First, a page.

SACRAMENTO — The latest investigation into financial mismanagement at the state Department of Parks and Recreation shows that its administrators do not even know much it costs to operate each of California’s more than 270 parks, yet another symptom of a flawed organization that kept millions of dollars hidden even as it sought to close parks to save money.
Parks officials had no way of knowing how much money the state would have saved by following their own recommendation to close 70 parks last year, according to an audit released Thursday. The proposed closures were the department’s way of helping the state address its budget deficit.
The report by state Auditor Elaine Howle was part of an investigation into $54 million discovered last summer in two special funds and reveals that the hidden cash was but one sign of wider mismanagement.
Department administrators estimated the operating costs for individual parks based on geographic regions using 10-year-old figures. The audit said that even newer estimates provided since the scandal broke were inconsistent.
“Without updated and complete estimates of the costs to operate each park, it is difficult to accurately estimate the amount the department would save by closing a given park, and to measure the impact of partnership agreements that provide funding to help pay parks’ operating costs and offset the effects of budget reductions,” the audit said.
The department oversees more than 270 park properties, including state beaches, state historic parks and off-highway vehicle parks. It has a budget of nearly $574 million in the current fiscal year, money that comes from the state general fund, various bond funds, user fees and off-highway vehicle registration fees.
The actual amount intentionally hidden in the State Parks and Recreation Fund was $20 million, and the remaining $34 million discrepancy was due to differences in the timing of the fund reports to the state finance department and the controller’s office. The amount of money kept hidden had grown as high as $29 million in 2003, the attorney general’s office has reported.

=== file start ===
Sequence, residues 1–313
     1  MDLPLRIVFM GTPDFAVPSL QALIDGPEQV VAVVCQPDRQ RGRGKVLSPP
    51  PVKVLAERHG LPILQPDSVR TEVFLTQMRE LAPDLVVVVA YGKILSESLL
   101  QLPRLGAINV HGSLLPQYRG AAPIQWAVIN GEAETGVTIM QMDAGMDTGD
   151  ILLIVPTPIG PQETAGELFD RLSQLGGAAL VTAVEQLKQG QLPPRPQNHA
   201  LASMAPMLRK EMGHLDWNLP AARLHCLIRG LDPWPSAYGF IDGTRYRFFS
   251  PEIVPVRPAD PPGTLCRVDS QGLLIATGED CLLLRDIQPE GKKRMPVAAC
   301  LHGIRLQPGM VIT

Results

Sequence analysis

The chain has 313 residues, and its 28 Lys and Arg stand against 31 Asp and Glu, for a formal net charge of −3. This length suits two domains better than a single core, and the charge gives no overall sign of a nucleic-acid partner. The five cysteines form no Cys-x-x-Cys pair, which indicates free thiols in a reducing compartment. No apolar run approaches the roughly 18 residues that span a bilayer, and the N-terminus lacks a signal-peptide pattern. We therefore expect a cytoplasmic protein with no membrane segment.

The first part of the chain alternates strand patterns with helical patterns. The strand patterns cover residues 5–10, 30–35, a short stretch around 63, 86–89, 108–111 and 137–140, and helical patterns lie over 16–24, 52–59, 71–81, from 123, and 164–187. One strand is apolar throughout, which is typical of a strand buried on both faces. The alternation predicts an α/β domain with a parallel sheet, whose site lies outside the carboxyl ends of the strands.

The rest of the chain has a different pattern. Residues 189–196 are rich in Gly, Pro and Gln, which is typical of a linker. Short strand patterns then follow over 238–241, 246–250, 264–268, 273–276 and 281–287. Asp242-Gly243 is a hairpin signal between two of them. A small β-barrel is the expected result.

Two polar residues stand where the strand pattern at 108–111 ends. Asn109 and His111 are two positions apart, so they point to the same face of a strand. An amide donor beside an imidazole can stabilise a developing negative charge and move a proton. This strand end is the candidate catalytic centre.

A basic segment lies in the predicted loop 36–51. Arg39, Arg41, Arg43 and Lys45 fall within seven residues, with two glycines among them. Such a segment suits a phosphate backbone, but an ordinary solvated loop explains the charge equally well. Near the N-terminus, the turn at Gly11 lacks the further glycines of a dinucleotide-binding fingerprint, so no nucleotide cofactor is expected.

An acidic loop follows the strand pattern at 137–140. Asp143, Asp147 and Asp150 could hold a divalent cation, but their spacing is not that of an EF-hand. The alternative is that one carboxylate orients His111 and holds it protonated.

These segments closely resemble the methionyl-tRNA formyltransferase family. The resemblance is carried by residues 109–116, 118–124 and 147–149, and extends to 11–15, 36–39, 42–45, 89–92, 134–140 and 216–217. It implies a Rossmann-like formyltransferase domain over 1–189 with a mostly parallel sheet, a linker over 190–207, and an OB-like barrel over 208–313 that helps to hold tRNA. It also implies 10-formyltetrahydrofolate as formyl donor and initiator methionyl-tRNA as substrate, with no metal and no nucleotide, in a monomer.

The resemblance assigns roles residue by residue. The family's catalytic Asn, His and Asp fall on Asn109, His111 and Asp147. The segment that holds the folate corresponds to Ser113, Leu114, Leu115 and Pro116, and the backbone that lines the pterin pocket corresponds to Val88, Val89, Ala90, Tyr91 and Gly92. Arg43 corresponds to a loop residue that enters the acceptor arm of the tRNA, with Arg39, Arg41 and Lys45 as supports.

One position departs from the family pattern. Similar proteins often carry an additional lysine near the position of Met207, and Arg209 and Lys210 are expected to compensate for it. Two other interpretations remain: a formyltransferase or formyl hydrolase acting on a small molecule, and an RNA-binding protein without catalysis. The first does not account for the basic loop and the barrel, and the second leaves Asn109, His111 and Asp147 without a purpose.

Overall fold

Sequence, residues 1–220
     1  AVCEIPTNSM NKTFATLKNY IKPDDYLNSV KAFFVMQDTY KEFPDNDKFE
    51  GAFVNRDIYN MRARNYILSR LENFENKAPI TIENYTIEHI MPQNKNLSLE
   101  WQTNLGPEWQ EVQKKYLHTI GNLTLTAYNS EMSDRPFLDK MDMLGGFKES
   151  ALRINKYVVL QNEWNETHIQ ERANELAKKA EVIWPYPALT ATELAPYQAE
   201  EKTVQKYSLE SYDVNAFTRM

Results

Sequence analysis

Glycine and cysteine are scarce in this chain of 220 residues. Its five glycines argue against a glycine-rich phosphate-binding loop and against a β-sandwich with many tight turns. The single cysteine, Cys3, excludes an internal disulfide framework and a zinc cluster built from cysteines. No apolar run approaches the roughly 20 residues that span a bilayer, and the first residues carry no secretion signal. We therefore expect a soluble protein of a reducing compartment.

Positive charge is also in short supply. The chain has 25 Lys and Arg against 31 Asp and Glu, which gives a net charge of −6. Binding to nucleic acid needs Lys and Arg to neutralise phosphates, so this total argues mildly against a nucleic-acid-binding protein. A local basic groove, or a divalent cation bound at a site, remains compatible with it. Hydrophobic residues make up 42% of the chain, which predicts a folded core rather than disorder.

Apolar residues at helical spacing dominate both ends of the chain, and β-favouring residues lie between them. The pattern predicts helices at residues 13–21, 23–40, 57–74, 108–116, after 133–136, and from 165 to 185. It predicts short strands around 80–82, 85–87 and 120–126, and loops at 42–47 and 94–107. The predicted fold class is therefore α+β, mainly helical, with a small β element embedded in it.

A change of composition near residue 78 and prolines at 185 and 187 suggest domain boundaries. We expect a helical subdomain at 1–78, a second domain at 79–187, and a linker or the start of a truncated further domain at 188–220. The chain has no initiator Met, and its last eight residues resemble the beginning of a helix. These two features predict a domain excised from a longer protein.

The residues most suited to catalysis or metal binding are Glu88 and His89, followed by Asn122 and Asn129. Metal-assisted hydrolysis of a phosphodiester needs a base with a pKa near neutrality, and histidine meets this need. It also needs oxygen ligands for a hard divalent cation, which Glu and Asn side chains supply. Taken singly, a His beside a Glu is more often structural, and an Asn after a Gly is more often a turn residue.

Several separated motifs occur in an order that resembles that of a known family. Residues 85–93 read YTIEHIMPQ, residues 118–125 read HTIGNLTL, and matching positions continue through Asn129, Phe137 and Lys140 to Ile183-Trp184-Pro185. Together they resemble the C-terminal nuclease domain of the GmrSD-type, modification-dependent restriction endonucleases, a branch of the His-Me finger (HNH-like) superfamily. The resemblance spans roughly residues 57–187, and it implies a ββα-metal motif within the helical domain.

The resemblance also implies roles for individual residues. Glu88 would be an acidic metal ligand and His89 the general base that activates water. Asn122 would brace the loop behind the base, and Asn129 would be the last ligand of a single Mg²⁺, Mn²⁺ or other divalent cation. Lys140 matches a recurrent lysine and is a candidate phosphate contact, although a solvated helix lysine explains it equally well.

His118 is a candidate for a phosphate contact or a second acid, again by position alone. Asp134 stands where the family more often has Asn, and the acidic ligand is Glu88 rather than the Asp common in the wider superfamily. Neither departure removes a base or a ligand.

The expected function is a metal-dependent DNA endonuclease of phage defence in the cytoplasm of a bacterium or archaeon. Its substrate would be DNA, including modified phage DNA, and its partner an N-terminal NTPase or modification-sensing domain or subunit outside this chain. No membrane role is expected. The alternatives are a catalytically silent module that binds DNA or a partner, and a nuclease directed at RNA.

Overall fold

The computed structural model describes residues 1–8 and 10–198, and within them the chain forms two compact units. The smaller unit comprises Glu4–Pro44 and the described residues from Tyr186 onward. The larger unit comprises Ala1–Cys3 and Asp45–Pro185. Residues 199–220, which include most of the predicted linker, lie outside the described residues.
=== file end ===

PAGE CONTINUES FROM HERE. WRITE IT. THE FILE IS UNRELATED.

Parks Director Ruth Coleman resigned and a senior department official was fired last summer.
Gov. Jerry Brown appointed Maj. Gen. Anthony Jackson as parks director last November. Department spokesman Roy Stearns said Jackson was not available for comment Thursday.
In a written statement, the department said it is developing a new budget that will include specific operating costs for each park.
Sen. Noreen Evans, D-Santa Rosa, has been critical of how the department chose the 70 parks that would have been closed. She said Howle’s audit confirms concerns about the closures, which were avoided after Brown allocated some additional money and the state reached agreements with nonprofits, local governments and others to help keep the properties open at least for a few years.
“Obviously things were not managed properly,” Evans said. “It’s been a rough two years trying to investigate what’s going on. I’m happy to see the auditor has uncovered a lot of what I suspected or found out myself. But we have a lot to do to restore the public trust.”
Carolyne Cathey saw the department’s tangled budgeting firsthand when her group, the Mendocino Area Parks Association, tried to put together proposals to keep open eight of the parks scheduled for closure. One complication was overlap within the department.
“Rangers might be spending time at more than one park. They buy a lot of their supplies collectively, and gas for their fleets,” she said. “As a result, it made it difficult to come up with realistic numbers.”
In a report released in January, the state attorney general found that officials at the highest level of the parks department helped keep the millions of dollars secret for more than a decade, a finding reiterated in the report released Thursday by the Bureau of State Audits.
The audit said several budget officers brought their concerns about discrepancies in the fund balances to top officials. But they were told to continue misreporting the amount of money in the special funds because administrators were afraid the department’s budget would be cut if lawmakers and the governor knew the true figure.
The auditor recommended the parks department establish detailed procedures that compare year-end financial statements and ensure that the ending fund balances reported to the governor’s budget and state controller’s budget are the same.
She also recommended that officials determine how much it costs to fully operate its parks and must document its calculations to ensure that they include all costs associated with their operation.